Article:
The easiest part of all! I headed down to our Literacy Library and selected sets of high-interest texts for each group’s reading level. I found that nonfiction is the best starting place. What kid doesn’t want to learn about “Creatures of the Deep” or a “Mummy Mystery?” If you don’t have access to Guided Reading book sets, I highly recommend Time for Kids, Scholastic News, or National Geographic Kids for high-interest articles.
I offered each group 3 book choices. To help promote the idea of independence, I placed the 3 sets on the table and walked away while they discussed their options. After a few minutes, I returned and the kids were excited to tell me their choice (or why they couldn’t agree.) In the end, I just stashed the other 2 sets and offered them as choices in the next round… 🙂
STEP 2: Reading Time
Once the group selected its book, I explained that we’d meet the next day to discuss. I told the students they could leave the table and sit anywhere in the room while they read the book. I gave them each a stack of post-its so they could jot down their thoughts and questions while reading. After a brief introduction to the book (I couldn’t help myself), I sent them off.
STEP 3: Discussion Guides
It was important to me that students led the conversation, but also important that they practiced and applied the skills we’d been working on. SO, to facilitate this process I jotted Guiding Questions on the whiteboard nearby. (Later, these became the questions in my Book Club Discussion Guide.) When we met the next day to discuss, I explained that I’d be acting as a participant rather than a leader. In the beginning, I simply had students take turns asking one of the questions to the group. After we’d discussed that question, another student would read the next one on the list. It was still pretty contrived for awhile, but over time leaders began to emerge and I slipped into the background more and more.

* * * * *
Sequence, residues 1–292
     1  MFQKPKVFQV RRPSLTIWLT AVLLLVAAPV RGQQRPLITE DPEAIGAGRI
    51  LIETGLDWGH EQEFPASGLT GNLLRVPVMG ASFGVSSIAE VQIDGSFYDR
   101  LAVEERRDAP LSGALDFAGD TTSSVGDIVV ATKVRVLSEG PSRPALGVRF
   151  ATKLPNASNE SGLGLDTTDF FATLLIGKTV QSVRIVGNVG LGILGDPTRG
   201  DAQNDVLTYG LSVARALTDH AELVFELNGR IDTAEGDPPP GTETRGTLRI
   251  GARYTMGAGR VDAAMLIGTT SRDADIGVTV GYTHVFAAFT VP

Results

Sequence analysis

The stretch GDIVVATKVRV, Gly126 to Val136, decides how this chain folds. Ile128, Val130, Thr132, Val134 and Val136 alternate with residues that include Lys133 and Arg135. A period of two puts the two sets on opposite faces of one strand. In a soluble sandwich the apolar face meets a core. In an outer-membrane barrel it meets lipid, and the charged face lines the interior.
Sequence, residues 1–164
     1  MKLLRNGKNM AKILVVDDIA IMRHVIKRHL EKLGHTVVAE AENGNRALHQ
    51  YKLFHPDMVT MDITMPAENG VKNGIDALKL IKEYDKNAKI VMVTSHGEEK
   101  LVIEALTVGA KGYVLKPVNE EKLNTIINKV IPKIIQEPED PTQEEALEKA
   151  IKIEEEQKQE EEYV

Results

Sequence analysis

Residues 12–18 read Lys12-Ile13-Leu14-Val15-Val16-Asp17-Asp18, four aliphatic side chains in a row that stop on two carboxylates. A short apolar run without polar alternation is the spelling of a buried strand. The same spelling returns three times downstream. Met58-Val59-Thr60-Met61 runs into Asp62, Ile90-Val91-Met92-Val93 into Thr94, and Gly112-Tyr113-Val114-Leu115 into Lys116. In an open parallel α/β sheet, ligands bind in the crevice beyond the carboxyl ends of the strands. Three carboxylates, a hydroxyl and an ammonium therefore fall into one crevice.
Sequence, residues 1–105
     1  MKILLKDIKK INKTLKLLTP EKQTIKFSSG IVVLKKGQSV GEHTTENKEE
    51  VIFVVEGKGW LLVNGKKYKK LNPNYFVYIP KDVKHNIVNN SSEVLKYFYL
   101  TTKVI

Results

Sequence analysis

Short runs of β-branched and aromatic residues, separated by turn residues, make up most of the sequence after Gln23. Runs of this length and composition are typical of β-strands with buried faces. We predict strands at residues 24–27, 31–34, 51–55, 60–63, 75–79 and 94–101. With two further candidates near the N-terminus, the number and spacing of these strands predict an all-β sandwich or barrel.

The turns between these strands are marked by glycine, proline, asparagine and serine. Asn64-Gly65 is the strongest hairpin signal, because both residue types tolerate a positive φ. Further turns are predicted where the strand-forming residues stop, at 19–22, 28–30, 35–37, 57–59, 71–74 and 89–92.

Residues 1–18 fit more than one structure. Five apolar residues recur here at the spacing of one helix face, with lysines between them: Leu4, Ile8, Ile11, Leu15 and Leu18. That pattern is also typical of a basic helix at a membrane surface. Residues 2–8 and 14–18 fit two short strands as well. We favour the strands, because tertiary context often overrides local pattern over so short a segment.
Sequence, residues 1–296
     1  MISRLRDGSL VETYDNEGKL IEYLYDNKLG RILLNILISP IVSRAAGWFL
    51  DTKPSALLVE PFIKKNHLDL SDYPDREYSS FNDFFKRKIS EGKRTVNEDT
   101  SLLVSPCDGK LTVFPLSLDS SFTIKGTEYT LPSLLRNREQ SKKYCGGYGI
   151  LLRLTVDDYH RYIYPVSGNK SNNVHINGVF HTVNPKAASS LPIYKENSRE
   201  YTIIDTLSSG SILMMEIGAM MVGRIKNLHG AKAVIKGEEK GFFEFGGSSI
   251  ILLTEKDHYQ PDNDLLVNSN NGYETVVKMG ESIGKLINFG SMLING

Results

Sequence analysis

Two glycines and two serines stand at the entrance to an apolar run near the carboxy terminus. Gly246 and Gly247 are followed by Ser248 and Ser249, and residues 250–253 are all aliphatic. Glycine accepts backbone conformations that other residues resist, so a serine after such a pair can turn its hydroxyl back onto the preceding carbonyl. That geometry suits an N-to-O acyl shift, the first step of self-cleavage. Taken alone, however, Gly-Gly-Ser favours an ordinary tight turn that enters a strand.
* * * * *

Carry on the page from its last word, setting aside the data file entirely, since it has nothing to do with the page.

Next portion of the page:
BOOK CLUBS IN ACTION
Last week, I had the chance to observe Book Clubs in the classroom of a teacher-friend. I’d never seen my Book Clubs in a classroom other than my own and it was fascinating! These students had been doing Book Clubs for awhile and were clearly pros. The kids were engaged and having real, meaningful discussions about their reading.
My favorite was a group of three boys. I eavesdropped on their conversation from afar and couldn’t believe the what I heard! These boys were using the Discussion Guide to prompt their conversation, but were able to move beyond that into such a sophisticated discussion. One of the boys read a question aloud and another answered. Then the first boy asked, “What’s your evidence?” and the other answered with “Well, on page 7 it says…” and all three boys turned to page 7 to check it out!
That is what Book Clubs are all about! The kids were applying critical thinking skills WITHOUT being prompted by a teacher. They were listening to each other, considering different perspectives, and searching for evidence to support conclusions.
Book Clubs can’t replace targeted instruction with modeling, or even Guided Reading groups. In my room, I worked Book Clubs into my Reading Rotations. We’d do a week of more traditional Guided Reading work and then a week of Book Clubs. As the year went on, higher groups were mostly student-led Book Clubs and I used my “free time” for extra small group or one-on-one instruction with struggling students. I began to see gains in student achievement and a huge increase in motivation. And because my students LOVED Book Clubs, I had less classroom management issues.
Regardless of the format, I think it’s important that students see themselves as real readers and take ownership of their learning. Dragging a student along with me as I “forced” instruction on them was painful for both me and the student. When kids become leaders in the process, it’s a WIN-WIN!
For more resources on Launching Book Clubs, you can check out:
I’d love to hear your thoughts! How do you empower your students to take ownership of their learning? How do you grow stronger readers in your classroom?